I recently received some pretty sad news. A young woman that had been particularly helpful in overcoming my resistance to medication was getting divorced, at age 25. A pit of dread and compassion filled me as my mom shared the news but then she said (or maybe scolded) “Before you go jumping to any conclusions, he didn’t want it—she did”. My mom forcefully shared this part because she knew one of my biggest fears was finding a man who would love me and be understanding of my illness. (And I have—more on that in other posts). She continued, “I know of five couples in the last few years who’ve gotten a divorce, and not once has it been the husband, it’s been the wife with the mental illness.” Interesting………
Because of that conversation, and a particularly rough few days of my own as a wife, I started to wonder “how does my role as a wife affect (either good or bad!) my struggle with a mental illness”? I started doing a bit of minor investigating (aka: Google) to articles online (even came across one on the cover of psychology today that had actual citations!) about marriages with one bipolar spouse. Each of the articles dealt primarily with the “healthy” spouse. How important their love and support is, how they can help, how difficult it is, etc. They often label the spouse with bipolar as the IP (identified patient) and gave advice to the other spouse; creating plans that focus on keeping the other spouse well.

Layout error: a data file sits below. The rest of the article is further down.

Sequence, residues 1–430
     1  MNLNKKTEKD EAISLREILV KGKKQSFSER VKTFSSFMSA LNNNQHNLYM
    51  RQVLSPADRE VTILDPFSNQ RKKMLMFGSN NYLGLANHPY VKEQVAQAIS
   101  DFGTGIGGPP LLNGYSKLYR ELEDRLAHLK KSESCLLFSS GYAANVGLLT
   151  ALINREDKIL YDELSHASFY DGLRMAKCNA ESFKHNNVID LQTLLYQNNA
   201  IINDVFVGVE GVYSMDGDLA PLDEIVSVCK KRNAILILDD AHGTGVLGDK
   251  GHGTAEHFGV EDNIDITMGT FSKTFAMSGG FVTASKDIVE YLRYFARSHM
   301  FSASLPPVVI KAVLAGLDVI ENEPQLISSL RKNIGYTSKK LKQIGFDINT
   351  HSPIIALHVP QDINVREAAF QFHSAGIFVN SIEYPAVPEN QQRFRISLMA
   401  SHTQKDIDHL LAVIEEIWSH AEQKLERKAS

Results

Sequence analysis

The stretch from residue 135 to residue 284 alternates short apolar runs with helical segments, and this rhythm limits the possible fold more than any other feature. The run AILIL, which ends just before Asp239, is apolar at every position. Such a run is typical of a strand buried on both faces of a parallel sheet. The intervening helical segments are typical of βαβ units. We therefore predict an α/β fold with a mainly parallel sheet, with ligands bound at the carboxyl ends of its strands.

But I did not run across any that dealt with the difficulty for the spouse with mental illness.
This issue is something I’ve wrestled with for quite some time (and spent hours in therapy talking about!). I often do not acknowledge the difficulty of living with bipolar because I am too busy feeling guilty about my husband/family/friends. It must be so horrible for them, there’s so much to deal with, it’s not their fault I’m like this—why should they suffer?!
Um…hello? Nicole? Nicole?! Are you there?! Yes? Well news flash—ITS NOT YOUR FAULT EITHER. Do you remember asking for this?! Oh that’s right….I didn’t ask for this either.
Life with bipolar is tough—and yes, sometimes, marriage makes it tougher.
As a disclaimer to this post—I have an amazing husband. Being married is great (and 97.4 days out of a 100 I like who I’m married to as well!) And one day—I might let my husband write about his side (not sure I’m ready for that just yet!). But for this post and the next—let me admit and explore the unique challenges being a wife has added to my journey with a mental illness….
To be continued……..